|کد مقاله||کد نشریه||سال انتشار||مقاله انگلیسی||ترجمه فارسی||نسخه تمام متن|
|5549672||1402893||2017||3 صفحه PDF||ندارد||دانلود کنید|
PurposePharmacist involvement in medication reconciliation has been shown to have a positive impact on patient care in a number of settings [1â6], but there have been no evaluations of the effect of this pharmacist role on patient care during the conduct of clinical trials. Pharmacist involvement in the medication reconciliation process for clinical trials may provide improved protocol compliance.MethodsThis was a retrospective pilot study conducted in a dedicated research unit that assessed completeness of the medication reconciliation process by clinical trial teams for patients participating in a clinical trial involving investigational medication(s). Patients' medication lists in the EHR were reviewed after their study visit. Pharmacy staff evaluated the medication list for accurate inclusion of IDs and any prohibited or restricted concomitant medication(s) per the study protocol.ResultsNinety-five patient visits over two months were evaluated and showed only 20.6% of IDs were listed in the EHR after study visits. Of those included, only 40% had the correct dose and 50% had the correct frequency listed. There were 20 potential protocol prohibited medications identified. There were four medications listed in a fashion that may have compromised maintenance of blinding status in the EHR.ConclusionsThis pilot study showed potential roles for pharmacy personnel involvement in medication reconciliation in the clinical research setting. Pharmacists have the opportunity to ensure that IDs are accurately included in patient medication lists and to identify the use of potential protocol prohibited concomitant medications.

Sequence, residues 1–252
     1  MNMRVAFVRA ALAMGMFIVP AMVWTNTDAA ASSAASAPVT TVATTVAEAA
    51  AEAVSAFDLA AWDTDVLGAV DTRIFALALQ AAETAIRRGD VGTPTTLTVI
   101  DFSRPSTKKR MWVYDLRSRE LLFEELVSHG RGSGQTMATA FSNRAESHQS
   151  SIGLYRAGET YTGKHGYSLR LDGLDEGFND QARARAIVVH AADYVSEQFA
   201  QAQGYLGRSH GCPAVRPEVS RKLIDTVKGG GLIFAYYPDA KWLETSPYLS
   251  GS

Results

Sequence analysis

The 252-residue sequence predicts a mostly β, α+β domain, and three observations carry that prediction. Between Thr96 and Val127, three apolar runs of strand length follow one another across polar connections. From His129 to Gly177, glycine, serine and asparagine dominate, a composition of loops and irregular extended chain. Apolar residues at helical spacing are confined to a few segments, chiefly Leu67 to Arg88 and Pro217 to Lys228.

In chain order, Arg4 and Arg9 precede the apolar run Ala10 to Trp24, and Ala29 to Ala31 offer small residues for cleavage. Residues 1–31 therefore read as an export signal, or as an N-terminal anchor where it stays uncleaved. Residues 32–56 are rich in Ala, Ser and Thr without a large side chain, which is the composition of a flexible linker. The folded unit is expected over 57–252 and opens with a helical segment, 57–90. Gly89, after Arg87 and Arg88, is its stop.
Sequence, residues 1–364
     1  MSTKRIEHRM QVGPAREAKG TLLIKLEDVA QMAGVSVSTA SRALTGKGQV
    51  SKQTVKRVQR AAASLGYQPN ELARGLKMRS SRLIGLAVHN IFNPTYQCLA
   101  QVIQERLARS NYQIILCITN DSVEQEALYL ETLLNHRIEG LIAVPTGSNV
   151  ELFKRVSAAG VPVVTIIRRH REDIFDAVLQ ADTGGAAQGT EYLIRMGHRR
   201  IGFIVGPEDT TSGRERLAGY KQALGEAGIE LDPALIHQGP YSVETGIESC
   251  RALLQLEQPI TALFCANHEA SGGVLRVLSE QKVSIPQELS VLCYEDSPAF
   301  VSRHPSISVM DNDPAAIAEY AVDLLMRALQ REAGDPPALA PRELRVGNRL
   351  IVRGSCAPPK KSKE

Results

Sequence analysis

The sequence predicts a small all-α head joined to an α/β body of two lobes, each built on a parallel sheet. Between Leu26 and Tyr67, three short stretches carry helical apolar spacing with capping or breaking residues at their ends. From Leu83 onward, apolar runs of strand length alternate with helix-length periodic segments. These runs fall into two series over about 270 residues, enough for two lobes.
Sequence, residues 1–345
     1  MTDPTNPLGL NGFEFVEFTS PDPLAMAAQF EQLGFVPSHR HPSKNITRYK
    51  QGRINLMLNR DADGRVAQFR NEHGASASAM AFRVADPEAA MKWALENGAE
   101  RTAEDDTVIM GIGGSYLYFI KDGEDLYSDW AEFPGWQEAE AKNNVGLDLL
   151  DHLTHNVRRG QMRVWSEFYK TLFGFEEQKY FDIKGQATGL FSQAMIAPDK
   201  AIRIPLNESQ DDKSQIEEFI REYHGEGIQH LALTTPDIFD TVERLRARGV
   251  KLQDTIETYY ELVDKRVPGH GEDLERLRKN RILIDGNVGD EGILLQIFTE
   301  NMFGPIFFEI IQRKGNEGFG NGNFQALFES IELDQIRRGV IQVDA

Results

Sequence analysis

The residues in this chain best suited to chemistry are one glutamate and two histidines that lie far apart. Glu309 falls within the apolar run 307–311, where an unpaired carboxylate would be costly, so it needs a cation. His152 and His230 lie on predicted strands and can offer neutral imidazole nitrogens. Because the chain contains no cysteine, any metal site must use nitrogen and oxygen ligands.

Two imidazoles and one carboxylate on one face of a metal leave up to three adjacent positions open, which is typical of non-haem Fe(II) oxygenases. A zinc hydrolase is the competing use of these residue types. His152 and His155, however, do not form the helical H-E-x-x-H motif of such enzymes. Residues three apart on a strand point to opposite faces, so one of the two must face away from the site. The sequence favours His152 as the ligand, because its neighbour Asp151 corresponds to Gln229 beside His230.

Journal: Contemporary Clinical Trials Communications - Volume 6, June 2017, Pages 55-57open access